According to a recent article in VentureBeat, only “1.3 percent of the application programming interfaces (APIs) on ProgrammableWeb are associated with clinical services.” Though the current usage is small, there is potential for APIs to impact healthcare efforts going forward. We’ve seen hints of this through our experience developing and providing our own LCOI-API.
In the past year, we’ve been fortunate to have others such as Fred Trotter and the Hive Group recognize the value of what the LCOI-API can do. Fellow pharma company, Merck & Co. shared a requirement for the API through comments on our API page which we were able to meet. They subsequently built an in-house iPad application leveraging the LCOI-API. And, patient advocate Jeri Burtchell has used the API to offer relevant and up-to-date clinical trial information on her website for multiple sclerosis patients.
Partners in Research Example
Clinical research can be an important option for a patient to consider on his or her healthcare journey.
Some patient groups feel that it’s important to offer easy-to-access, relevant, up-to-date information about clinical trials for their members online. Doing so can help patients identify options for participating in research that may benefit them and others who have the same condition. The LCOI-API helps by delivering the desired clinical trial information accessed through an organization’s web site.
For example, Jeri Burtchell, founder of Partners in Research, a multiple sclerosis advocacy group , used the LCOI-API to build a section of her website that helps patients find real-time information about currently enrolling multiple sclerosis clinical trials.
Jeri wanted her site’s visitors to have access to a dynamic list of studies that stayed current with the latest information available on ClinicalTrials.gov, a site that houses information about publicly and privately funded clinical studies conducted worldwide. She also wanted them to be able to narrow their searches based on specific types of multiple sclerosis, and based on which trials were actively recruiting.
Jeri knew that this information was available on ClinicalTrials.gov, but, despite the fact that she’s a skilled and experienced user of that site, she could not find a way to access and integrate the information relevant to her needs. Using our open API, which pulls information from ClinicalTrials.gov, she was able to set up the “Find Clinical Trials” section of her website in a way that she felt would be most helpful to patients like herself.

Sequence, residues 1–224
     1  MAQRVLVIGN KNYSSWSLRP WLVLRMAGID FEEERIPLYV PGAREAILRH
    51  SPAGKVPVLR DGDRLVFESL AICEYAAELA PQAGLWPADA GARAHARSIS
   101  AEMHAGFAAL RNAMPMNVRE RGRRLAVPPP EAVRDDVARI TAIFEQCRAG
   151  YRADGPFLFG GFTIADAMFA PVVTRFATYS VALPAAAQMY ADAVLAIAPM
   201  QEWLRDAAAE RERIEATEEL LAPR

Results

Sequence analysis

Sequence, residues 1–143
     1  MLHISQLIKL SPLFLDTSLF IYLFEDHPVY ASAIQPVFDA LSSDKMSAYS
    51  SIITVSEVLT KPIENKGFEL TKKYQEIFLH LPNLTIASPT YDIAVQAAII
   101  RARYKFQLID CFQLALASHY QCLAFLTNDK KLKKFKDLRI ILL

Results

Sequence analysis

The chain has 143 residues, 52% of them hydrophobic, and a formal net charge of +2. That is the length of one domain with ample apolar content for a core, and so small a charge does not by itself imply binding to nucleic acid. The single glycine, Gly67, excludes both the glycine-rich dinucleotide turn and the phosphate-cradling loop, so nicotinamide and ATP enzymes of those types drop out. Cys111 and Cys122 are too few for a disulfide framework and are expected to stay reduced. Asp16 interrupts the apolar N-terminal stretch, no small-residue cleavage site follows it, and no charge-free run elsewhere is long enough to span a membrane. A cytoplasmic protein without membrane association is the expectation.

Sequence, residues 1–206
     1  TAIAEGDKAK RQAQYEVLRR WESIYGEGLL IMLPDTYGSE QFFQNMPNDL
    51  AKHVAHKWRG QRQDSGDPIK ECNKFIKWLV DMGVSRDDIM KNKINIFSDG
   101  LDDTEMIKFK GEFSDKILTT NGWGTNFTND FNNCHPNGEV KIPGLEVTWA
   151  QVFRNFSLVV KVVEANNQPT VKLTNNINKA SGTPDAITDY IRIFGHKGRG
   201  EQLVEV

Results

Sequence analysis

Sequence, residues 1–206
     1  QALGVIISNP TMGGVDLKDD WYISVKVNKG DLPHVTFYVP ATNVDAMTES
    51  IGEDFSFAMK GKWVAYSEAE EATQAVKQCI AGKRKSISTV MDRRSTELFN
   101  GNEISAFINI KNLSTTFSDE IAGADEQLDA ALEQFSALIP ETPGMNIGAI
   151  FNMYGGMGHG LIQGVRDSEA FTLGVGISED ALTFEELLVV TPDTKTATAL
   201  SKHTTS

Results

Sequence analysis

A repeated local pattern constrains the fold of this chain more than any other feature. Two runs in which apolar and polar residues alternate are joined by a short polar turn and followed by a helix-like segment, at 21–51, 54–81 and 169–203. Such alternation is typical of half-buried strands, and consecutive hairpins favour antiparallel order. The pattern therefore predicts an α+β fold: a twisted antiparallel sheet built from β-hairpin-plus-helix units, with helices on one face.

This is a good example of how APIs can be valuable in healthcare and drug development. No one knows better what patients need than patients themselves. APIs can be a valuable resource to allow patients to access and contextualize the specific information they need.
APIs can help stimulate innovation
By providing open API access to information in internet-friendly ways, it’s possible to stimulate innovation.
Challenges like the Patient Engagement App Challenge encourage collaboration and creativity among patients, researchers and developers. For this particular challenge, sponsors UBC, Enlight BioSciences, Partnership In Clinical Trials conference and Lilly have asked developers to consider a range of currently available healthcare APIs and use them to create an app that will help patients who are currently enrolled in clinical trials.
The deadline for entries is February 11, 2014. Soon after that, you’ll be able to take a look at all of the submissions and vote for your favorites. If you’re a developer or designer, there’s still plenty of time to enter!
Enhancing the LCOI-API
The purpose of the LCOI-API is to provide data and functionality that enable those in the healthcare ecosystem – patients, researchers, developers, and providers – to surface and leverage clinical trials information to meet their needs.
To further bring utility and value to clinical trial information, we’re working in collaboration with Novartis and Pfizer to develop a clinical trial “target profile.” Target profiles will include Clinicaltrials.gov and other clinical trial information, selected, purposed and structured specifically to support matching of patients to clinical trials. The collaboration includes plans to demonstrate how Blue Button+ technology can be used to match patient health records with trial target profiles.
Target profiles will be open and available in the healthcare ecosystem for anyone to use. The LCOI-API is fundamental to this effort, and is a foundational part of the effort to bringing study target profile information for patients to match against.
We’re excited to explore how we can assist in supporting innovation in the healthcare ecosystem associated with clinical research, and look forward to your ideas and participation in bringing clinical trial information to those who can benefit most from it. We welcome your thoughts and ideas—please feel free to comment!